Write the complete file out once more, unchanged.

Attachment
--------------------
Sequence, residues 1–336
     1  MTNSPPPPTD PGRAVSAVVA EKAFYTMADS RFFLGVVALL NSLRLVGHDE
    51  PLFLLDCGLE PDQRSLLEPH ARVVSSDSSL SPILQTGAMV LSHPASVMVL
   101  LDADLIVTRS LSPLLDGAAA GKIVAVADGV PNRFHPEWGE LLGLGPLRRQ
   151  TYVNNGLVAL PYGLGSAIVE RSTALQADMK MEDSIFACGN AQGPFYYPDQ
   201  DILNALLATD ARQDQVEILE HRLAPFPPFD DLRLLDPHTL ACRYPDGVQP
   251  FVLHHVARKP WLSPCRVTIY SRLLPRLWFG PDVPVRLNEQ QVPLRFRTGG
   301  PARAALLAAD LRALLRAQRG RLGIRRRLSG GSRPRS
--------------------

Sequence, residues 1–336
     1  MTNSPPPPTD PGRAVSAVVA EKAFYTMADS RFFLGVVALL NSLRLVGHDE
    51  PLFLLDCGLE PDQRSLLEPH ARVVSSDSSL SPILQTGAMV LSHPASVMVL
   101  LDADLIVTRS LSPLLDGAAA GKIVAVADGV PNRFHPEWGE LLGLGPLRRQ
   151  TYVNNGLVAL PYGLGSAIVE RSTALQADMK MEDSIFACGN AQGPFYYPDQ
   201  DILNALLATD ARQDQVEILE HRLAPFPPFD DLRLLDPHTL ACRYPDGVQP
   251  FVLHHVARKP WLSPCRVTIY SRLLPRLWFG PDVPVRLNEQ QVPLRFRTGG
   301  PARAALLAAD LRALLRAQRG RLGIRRRLSG GSRPRS